It’s a common adage among educators: Students can’t learn if they don’t come to class.

A new report suggests some New York City schools are doing a better job of getting students through the door. On average, charter schools have better attendance and dramatically lower rates of chronically absent students, according to an analysis by the pro-charter group Families for Excellent Schools.

Chronic absenteeism is typically defined as missing 10 percent or more of the school year. Research has shown that chronically absent students are less likely to read on grade level by third grade. By high school, they are more likely to drop out.

In New York City district schools, about a quarter of the overall student body was chronically absent last year. That means about 200,000 students in district schools met the definition, according to Families for Excellent for Schools.

In local charter schools, the average rate was a little over 13 percent, FES found.

Charters also reported better attendance rates: an average of almost 95 percent in 2015-16, or roughly three percentage points higher than district schools.

“I think attendance is a measure of school culture and school quality more than anything else,” said Jeremiah Kittredge, who heads Families for Excellent Schools. “Charters offer the most supportive learning environment, particularly for our highest needs kids and our families.”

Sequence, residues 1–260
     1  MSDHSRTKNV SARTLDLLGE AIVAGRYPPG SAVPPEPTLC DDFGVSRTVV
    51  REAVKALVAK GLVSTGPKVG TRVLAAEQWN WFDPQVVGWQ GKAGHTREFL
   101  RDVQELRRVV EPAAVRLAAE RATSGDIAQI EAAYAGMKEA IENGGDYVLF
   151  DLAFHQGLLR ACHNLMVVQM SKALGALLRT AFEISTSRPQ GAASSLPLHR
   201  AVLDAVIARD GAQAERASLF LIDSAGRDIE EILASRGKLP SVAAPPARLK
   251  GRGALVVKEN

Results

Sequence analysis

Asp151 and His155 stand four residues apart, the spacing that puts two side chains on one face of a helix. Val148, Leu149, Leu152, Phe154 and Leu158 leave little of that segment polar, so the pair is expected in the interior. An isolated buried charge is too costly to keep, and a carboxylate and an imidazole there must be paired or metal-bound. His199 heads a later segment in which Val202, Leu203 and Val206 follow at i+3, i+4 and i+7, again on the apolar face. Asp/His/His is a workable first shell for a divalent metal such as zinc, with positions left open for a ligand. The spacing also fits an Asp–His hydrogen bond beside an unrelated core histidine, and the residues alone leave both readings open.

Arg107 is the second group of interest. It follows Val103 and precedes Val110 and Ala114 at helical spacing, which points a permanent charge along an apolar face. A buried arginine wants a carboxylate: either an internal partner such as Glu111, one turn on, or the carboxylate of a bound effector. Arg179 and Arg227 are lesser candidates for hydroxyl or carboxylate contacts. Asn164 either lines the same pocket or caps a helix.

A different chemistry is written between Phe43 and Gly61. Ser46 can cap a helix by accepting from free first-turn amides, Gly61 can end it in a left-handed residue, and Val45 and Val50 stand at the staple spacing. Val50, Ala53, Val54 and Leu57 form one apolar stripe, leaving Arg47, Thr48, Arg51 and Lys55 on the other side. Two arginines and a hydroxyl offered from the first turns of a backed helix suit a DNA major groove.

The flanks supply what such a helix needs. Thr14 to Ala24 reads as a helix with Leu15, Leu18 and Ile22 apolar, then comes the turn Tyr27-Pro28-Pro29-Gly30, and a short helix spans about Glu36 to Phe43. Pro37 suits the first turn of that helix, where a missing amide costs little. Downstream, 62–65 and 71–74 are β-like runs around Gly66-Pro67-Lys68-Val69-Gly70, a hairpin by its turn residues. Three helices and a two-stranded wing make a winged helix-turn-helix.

But charter schools are often criticized for not taking on a proportionate number of needy students. For example, recent reports have found that district schools serve a higher percentage of homeless students than charters. Homeless students, in particular, often struggle to keep up with school attendance.

“Releasing a report which compares charter and district attendance and absenteeism numbers without controlling for their different student demographics is irresponsible,” Alison Gendar, a spokeswoman for United Federation of Teachers, wrote in an email.

The city has made only modest improvement in reducing its rate of chronic absenteeism, which has decreased by about 2.5 percentage points over the last three years, according to Department of Education data.

By contrast, schools in the city’s Renewal turnaround program have improved at a much faster rate. Chronic absenteeism at those schools fell by approximately 8 percentage points. Despite the gains, the rate at Renewal schools — about 39 percent — still remains much higher than the district average.

“We’re focused on improvement,” said Christopher Caruso, executive director for the Department of Education’s office of community schools. “Our schools are doing an incredible job in building relationships and culture.”